This year, three movies alone—“Black Panther,” “Avengers: Infinity War” and “The Incredibles 2”—accounted for more than $2 billion in ticket sales domestically. Theaters say that if studios can force them to take their less desirable titles along with such blockbusters, that could crowd out movies from independent companies like A24, the upstart studio behind films such as “Moonlight” and “Hereditary.”

The Writers Guild of America West says giving dominant studios more power would squeeze out competition, leaving writers “with fewer jobs and consumers with fewer choices for what to see at the theater.”

No studio has publicly weighed in on the Justice Department review, but the major studios in recent years have considered advocating for lifting the decrees, according to two distribution executives.

Studio executives say privately that they long for the day when they no longer must grant an exclusivity “window” to theaters, which keeps movies off home services like iTunes or video-on-demand for about 90 days. Under current conditions, if major exhibitors don’t get such an agreement, they can refuse to screen the movie.

It is a challenging time for independent theaters. While ticket sales are expected to hit a record this year thanks to higher prices, attendance is stagnating, and studios are seeking a higher percentage of the box-office gate on major releases.

A shrinking supply of movies has tipped the balance of power to studios. In 2017, the six major studios released an average of 14 movies each, down from 23 in 2002.

Mr. Vogel said he needs reasonable financial terms and flexibility to show films from a range of distributors, principles that are at the heart of the Paramount case.

“It’s extremely difficult for us to survive,” he said, “and the distributors know that.”

Amazon Is In the Running To Buy A Movie Theater Chain

Amazon.com Inc. is in the running to acquire Landmark Theatres, a move that would vault the e-commerce giant into the brick-and-mortar cinema industry, according to people familiar with the situation.

The company is vying with other suitors to acquire the business from Wagner/Cuban Cos., which is backed by billionaire Mark Cuban and Todd Wagner, according to the people, who asked not to be identified because the discussions are private. The chain’s owners have been working with investment banker Stephens Inc. on a possible sale, the people said. No final decisions have been made, and talks could still fall apart.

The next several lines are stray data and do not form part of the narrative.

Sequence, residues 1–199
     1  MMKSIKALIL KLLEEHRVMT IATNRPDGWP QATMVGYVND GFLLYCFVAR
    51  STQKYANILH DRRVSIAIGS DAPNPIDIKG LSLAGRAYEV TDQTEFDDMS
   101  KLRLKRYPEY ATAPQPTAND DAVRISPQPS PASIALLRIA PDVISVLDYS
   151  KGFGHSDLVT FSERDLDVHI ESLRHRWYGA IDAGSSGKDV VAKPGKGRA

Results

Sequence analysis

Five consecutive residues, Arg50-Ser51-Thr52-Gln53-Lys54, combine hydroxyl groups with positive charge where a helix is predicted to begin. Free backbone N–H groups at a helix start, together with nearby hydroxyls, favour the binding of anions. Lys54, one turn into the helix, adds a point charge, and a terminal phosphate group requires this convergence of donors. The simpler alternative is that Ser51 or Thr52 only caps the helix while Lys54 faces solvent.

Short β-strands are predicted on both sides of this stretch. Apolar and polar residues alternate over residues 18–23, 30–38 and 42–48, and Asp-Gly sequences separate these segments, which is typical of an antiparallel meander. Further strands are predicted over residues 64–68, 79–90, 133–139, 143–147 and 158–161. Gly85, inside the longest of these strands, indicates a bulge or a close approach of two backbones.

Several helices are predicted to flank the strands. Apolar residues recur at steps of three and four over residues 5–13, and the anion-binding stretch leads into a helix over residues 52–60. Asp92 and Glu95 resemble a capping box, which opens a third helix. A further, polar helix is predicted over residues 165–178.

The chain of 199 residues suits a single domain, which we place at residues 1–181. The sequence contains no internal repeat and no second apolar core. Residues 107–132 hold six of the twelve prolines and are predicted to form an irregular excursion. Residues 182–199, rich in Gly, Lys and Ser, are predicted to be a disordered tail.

Pushing into movie theaters would follow Amazon’s expansion into myriad other forms of media, including a film and TV studio and music service. With Landmark, it gets a chain focused on independent and foreign films that was founded in 1974. The company has more than 50 theaters, including high-profile locations in New York, Philadelphia, Chicago, Los Angeles and San Francisco, with about 250 screens in 27 markets.

Amazon, based in Seattle, declined to comment. Officials at Landmark couldn’t be reached after normal business hours.

Though the acquisition price for Landmark would likely be small, it would mark a significant new incursion by Amazon into the physical world. The online retailer shocked the supermarket industry last year by acquiring Whole Foods for $13.7 billion, positioning the organic-food chain in the middle of its campaign to sell more groceries.

Prime Subscribers

The e-commerce company already spends billions each year on movies and TV shows, saying it helps entice shoppers to join its Prime subscription plan and makes existing members more likely to renew.

Amazon, founded as a book seller, previously disrupted that industry by giving authors an alternative to the big publishers, eliminating a middleman between readers and artists. It opened its first brick-and-mortar bookstore in 2015 in Seattle and now has nearly 20 around the country.

The U.S. government has previously barred film studios from the theater industry. But the U.S. government said earlier this month that it was considering terminating a 70-year-old Hollywood settlement that halted the vertical integration of studios and theaters. The so-called Paramount decree may have prevented smaller films from getting wider distribution.

Cuban and Wagner also own Magnolia Pictures, the production company 2929 Productions, and the networks AXS TV and HDNet Movies. Cuban, a 60-year-old who also appears on the reality show “Shark Tank,” told the Hollywood Reporter in April that he hired a bank to evaluate offers, but said at the time he was in “no rush to sell.”